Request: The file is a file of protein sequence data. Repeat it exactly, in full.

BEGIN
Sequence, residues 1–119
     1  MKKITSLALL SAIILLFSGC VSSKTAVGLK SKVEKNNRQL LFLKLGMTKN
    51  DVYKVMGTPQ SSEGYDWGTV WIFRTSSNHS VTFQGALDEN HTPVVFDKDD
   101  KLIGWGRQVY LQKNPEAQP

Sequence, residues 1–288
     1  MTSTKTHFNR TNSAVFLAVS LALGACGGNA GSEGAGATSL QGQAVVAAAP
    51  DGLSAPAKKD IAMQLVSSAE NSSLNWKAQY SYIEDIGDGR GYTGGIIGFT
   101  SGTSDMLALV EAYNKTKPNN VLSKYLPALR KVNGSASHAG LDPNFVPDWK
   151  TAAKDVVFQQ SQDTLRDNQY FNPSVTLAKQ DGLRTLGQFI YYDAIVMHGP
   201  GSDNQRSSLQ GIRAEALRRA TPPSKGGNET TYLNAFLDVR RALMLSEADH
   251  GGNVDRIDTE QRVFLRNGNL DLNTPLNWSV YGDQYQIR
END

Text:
Sequence, residues 1–119
     1  MKKITSLALL SAIILLFSGC VSSKTAVGLK SKVEKNNRQL LFLKLGMTKN
    51  DVYKVMGTPQ SSEGYDWGTV WIFRTSSNHS VTFQGALDEN HTPVVFDKDD
   101  KLIGWGRQVY LQKNPEAQP

Sequence, residues 1–288
     1  MTSTKTHFNR TNSAVFLAVS LALGACGGNA GSEGAGATSL QGQAVVAAAP
    51  DGLSAPAKKD IAMQLVSSAE NSSLNWKAQY SYIEDIGDGR GYTGGIIGFT
   101  SGTSDMLALV EAYNKTKPNN VLSKYLPALR KVNGSASHAG LDPNFVPDWK
   151  TAAKDVVFQQ SQDTLRDNQY FNPSVTLAKQ DGLRTLGQFI YYDAIVMHGP
   201  GSDNQRSSLQ GIRAEALRRA TPPSKGGNET TYLNAFLDVR RALMLSEADH
   251  GGNVDRIDTE QRVFLRNGNL DLNTPLNWSV YGDQYQIR